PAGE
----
Medical marijuana
Medical marijuana buds being packaged in Israel. Children do not imbibe cannabis by smoking, rather it is administered in drops, in cookies or via an inhaler. Photo by Daniel Tchetchik
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Likud MK Moshe Feiglin says his bill to let any Israeli physician prescribe medical marijuana aims to prevent great suffering and a situation in which patients “are turned into criminals against their will.” On the face of it, the bill, which will be put to a vote Sunday in the Ministerial Committee for Legislation, sounds logical. Many studies point to the efficacy of this natural medication and its advantages over legally available drugs, some of which can have serious side effects and are more addictive than cannabis.

But despite marijuana’s benefits, we should consider the position of Health Minister Yael German, who opposes the bill. She argues that letting doctors write prescriptions for cannabis would expose them to heavy pressure from patients who don’t need marijuana for medical purposes, while there would be no clear prescription protocols for doctors.

“It would not be unrealistic to assume that there would be patients who would pressure doctors to write them a cannabis prescription for any bump, headache or toothache,” German wrote on her Facebook page. She said doctors would in effect be turned into licensed cannabis dealers and make marijuana legal in Israel de facto.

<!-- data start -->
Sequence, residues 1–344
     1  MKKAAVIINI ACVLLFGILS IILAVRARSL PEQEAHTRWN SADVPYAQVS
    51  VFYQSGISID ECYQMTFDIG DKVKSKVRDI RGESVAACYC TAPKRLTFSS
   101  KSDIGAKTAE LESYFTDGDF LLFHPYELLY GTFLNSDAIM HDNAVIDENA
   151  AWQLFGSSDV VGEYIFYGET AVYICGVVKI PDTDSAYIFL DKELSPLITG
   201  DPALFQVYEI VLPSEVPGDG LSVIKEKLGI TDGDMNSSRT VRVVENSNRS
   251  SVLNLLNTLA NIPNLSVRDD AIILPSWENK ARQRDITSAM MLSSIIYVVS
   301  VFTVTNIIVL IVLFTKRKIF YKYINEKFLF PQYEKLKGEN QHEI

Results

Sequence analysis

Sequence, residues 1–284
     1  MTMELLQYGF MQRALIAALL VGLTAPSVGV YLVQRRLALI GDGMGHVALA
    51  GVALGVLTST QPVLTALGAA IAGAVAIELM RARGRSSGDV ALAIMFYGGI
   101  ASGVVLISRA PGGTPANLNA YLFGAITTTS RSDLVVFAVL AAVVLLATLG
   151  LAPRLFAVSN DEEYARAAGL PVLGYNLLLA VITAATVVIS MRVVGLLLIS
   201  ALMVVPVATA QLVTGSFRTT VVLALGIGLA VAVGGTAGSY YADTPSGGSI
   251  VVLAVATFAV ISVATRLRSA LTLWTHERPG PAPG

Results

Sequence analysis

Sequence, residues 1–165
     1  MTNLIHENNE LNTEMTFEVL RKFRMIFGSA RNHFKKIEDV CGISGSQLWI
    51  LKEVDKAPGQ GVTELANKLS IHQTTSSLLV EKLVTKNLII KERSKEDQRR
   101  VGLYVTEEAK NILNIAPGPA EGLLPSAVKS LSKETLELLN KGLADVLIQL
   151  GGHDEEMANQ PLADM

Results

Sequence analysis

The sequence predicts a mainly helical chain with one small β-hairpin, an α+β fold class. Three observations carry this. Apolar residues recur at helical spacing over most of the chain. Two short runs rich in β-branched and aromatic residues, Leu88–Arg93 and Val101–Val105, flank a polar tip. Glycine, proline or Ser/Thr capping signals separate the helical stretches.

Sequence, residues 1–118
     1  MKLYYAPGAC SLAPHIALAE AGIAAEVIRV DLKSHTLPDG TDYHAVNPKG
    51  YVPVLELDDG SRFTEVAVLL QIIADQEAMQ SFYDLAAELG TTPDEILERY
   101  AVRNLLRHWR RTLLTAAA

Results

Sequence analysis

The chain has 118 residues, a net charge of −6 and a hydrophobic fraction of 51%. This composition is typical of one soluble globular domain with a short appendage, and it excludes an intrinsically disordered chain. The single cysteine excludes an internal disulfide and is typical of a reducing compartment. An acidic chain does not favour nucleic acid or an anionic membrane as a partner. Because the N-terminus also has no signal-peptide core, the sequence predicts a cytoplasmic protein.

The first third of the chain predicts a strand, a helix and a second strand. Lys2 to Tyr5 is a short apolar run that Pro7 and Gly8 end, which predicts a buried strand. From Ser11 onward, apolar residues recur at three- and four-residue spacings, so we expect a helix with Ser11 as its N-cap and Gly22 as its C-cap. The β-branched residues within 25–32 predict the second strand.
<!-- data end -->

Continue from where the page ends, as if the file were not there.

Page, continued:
There is no prescription protocol for cannabis, no dosage guidelines for doctors or list of possible side effects, German wrote. “If they want legalization of drugs they should say so openly and submit a bill rather than trying to pull one over on the Health Ministry, patients and physicians,” she added.

The question of whether to legalize soft drugs is a legitimate one that affects the lives of the many Israelis who don’t view consuming them as a crime. Most Western countries are holding an open discussion on this issue, and there’s no reason not to do so in Israel.

But the Knesset members who have proved permissive regarding soft drugs should remember that such a discussion relates not to medicine but to civil and social affairs – and that’s where it should stay. The admission by 11 MKs that they have smoked marijuana or hashish at some point in their lives is a welcome step in that direction.

The legislators must show as much leniency as possible to patients who meet recognized criteria for permission to use medical marijuana and make the substance available to them. A separate discussion should be held regarding others who want to use cannabis for various reasons. Drug legalization in a democratic, liberal country should be done through the front door, not the back door of doctors in the community. That’s not their job, it’s the job of our elected officials.